When it comes to some things, like encumbrance, that are often house-ruled, tools like HeroLab that track some of these for you are immensely useful, and make house-rules like "no encumbrance" less necessary.


I stick as close to the written word of the rules as I find possible, using "rule zero," as little as I can manage - I've always been that way.

...of course, my interpretation of the written rules likely doesn't always match up to other people's interpretations - for example, I think stealth functions perfectly as written and have seen a few threads here and there claiming that it doesn't function at all.

I've always been motivated to try and stay to the rules as they exist in print (i.e. not adding a list of rules to the game not found in the book) so that any new players joining my group that have read the book have actually had a chance to learn the rules as I use them (if they interpreted things the same) without having to brush up on my list of home-brewed add-ons.


Until Weapon Finesse is tossed out of the official rules and is no longer a feat tax, we don't go strictly by the book.


HELL no...

Grand Lodge

Pathfinder Adventure Path, Starfinder Roleplaying Game Subscriber
sheep999 wrote:


Does a pure version of any game exist with RAW only outside of tournament play?

Not even PFS play goes entirely by RAW. It's kind of like going to the speed of light. But I'm sure there are plenty of home games that are 95 percent plus RAW.

Liberty's Edge

My group tries to do what you're talking about. At least, we did before antagonize.


As long as im DMing its strict raw.


yes. but that lasted all of 2 hours.

Liberty's Edge

Pathfinder Starfinder Adventure Path Subscriber

I DM strictly RAW in all my games. Creating houserules just creates more work for me. The rule system was built already and, to me, does not need more rules built on top of it.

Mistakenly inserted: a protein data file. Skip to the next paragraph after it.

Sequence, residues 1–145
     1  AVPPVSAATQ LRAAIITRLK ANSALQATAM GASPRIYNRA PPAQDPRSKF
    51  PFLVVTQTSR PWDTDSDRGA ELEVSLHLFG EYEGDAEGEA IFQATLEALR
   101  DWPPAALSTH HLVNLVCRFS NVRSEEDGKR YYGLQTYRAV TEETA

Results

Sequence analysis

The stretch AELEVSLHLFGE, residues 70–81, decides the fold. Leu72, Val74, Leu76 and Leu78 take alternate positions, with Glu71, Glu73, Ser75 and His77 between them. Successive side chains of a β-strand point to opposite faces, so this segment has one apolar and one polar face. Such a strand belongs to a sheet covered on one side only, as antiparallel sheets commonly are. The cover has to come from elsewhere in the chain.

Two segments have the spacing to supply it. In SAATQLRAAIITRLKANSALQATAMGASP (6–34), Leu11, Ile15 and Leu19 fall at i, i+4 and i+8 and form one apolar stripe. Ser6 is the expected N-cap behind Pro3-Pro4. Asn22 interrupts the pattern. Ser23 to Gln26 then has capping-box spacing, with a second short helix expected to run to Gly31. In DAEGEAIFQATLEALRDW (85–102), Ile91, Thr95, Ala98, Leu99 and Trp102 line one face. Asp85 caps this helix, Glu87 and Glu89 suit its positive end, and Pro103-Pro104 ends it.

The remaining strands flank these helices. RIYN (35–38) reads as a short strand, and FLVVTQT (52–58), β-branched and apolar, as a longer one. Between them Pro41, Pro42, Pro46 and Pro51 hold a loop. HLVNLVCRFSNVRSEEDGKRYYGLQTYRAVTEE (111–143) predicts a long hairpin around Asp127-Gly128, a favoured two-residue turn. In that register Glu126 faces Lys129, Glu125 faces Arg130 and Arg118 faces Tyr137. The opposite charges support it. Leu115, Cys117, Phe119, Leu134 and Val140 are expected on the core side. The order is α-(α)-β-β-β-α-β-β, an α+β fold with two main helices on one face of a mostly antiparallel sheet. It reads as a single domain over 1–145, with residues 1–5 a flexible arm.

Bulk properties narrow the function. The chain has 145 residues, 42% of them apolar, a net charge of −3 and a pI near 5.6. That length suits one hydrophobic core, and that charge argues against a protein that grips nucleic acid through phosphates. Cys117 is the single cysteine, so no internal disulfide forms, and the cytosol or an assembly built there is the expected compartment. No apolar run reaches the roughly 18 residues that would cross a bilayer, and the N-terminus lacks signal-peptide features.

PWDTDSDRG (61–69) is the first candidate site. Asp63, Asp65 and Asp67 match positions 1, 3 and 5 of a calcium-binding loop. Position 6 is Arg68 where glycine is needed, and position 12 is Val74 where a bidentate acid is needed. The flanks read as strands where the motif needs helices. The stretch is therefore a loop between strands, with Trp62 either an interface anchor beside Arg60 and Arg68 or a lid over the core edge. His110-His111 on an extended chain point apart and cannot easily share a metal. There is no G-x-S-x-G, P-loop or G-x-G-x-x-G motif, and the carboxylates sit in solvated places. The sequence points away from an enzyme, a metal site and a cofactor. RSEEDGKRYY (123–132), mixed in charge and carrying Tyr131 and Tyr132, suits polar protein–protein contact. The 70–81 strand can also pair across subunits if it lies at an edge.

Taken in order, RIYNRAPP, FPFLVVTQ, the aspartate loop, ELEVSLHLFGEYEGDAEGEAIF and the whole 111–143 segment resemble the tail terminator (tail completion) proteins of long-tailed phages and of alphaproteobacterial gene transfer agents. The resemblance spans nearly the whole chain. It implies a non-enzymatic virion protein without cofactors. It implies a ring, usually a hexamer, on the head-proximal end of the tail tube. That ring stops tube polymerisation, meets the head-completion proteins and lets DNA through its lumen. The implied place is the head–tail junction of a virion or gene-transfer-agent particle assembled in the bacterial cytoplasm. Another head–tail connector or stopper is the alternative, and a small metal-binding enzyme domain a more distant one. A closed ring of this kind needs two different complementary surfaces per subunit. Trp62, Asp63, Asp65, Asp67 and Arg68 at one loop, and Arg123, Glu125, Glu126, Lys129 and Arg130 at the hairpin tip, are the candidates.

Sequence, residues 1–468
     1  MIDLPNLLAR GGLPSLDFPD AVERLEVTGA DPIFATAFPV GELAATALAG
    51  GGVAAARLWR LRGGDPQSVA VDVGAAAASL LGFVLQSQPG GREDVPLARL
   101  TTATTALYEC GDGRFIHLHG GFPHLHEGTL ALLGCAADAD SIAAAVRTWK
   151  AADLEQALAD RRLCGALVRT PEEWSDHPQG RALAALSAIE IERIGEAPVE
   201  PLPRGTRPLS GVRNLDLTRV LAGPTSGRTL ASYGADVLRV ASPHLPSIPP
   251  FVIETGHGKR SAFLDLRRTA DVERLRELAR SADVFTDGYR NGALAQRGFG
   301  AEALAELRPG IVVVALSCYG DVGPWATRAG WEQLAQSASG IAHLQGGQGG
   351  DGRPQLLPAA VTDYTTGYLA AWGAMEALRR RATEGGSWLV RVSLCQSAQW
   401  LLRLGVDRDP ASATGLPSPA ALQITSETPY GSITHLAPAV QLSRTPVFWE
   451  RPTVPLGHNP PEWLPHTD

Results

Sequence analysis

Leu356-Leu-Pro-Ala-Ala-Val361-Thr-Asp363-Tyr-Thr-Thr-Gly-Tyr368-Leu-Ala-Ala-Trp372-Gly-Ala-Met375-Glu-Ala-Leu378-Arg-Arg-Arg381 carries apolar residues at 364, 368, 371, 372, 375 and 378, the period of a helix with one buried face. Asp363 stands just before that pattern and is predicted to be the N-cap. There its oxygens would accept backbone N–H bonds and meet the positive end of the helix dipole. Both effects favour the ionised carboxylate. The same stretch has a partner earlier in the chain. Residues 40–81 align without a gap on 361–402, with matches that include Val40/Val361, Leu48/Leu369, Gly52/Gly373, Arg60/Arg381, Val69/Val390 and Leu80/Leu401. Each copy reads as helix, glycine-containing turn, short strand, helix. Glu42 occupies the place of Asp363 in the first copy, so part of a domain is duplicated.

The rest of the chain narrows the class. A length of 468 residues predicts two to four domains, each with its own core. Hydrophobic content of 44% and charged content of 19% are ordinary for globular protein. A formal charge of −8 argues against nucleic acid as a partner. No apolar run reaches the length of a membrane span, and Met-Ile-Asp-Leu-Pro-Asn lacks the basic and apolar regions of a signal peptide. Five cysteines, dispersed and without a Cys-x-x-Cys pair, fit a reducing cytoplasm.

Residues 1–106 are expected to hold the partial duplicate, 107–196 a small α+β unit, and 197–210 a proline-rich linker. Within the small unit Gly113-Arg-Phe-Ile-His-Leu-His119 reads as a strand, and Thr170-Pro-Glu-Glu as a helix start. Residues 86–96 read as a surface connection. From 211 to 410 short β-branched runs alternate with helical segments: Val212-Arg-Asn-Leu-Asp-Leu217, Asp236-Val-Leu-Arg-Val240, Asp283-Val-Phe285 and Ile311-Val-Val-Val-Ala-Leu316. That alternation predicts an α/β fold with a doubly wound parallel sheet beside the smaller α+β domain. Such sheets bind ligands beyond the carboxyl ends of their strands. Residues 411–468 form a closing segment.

Pathfinder has some rules that are ambiguous enough to be interpreted in at least two ways. If you interpreted such a rule one way, it would be considered as a house rule by those who interpreted it the other way, and vice versa.

So my conclusion is that it's impossible to play "strict RAW" because such a thing doesn't exist in a game with ambiguous rules.

Dark Archive

hogarth wrote:

Pathfinder has some rules that are ambiguous enough to be interpreted in at least two ways. If you interpreted such a rule one way, it would be considered as a house rule by those who interpreted it the other way, and vice versa.

So my conclusion is that it's impossible to play "strict RAW" because such a thing doesn't exist in a game with ambiguous rules.

This.

Also, as a DM, there are rules that I've glanced at and know I'll never use because they'll continue the unfortunate 3.x trend of over-complicating things. (UC vehicle rules, I'm looking at you)

I don't think having a rule for every possibility is a worthy goal.


I'm pretty close, but I change 4 or 5 things. Most of my houserules are plug-ins like homebrew feats, though, which I don't really count as "changing the rules".

Grand Lodge

Pathfinder Adventure, Rulebook Subscriber; Pathfinder Battles Case Subscriber

I don't understand the question.


hogarth wrote:

Pathfinder has some rules that are ambiguous enough to be interpreted in at least two ways. If you interpreted such a rule one way, it would be considered as a house rule by those who interpreted it the other way, and vice versa.

So my conclusion is that it's impossible to play "strict RAW" because such a thing doesn't exist in a game with ambiguous rules.

This is a perfect explanation of why I stick to as little rule-zero use as possible, and don't add in other rules beyond my interpretation of the ones in the books.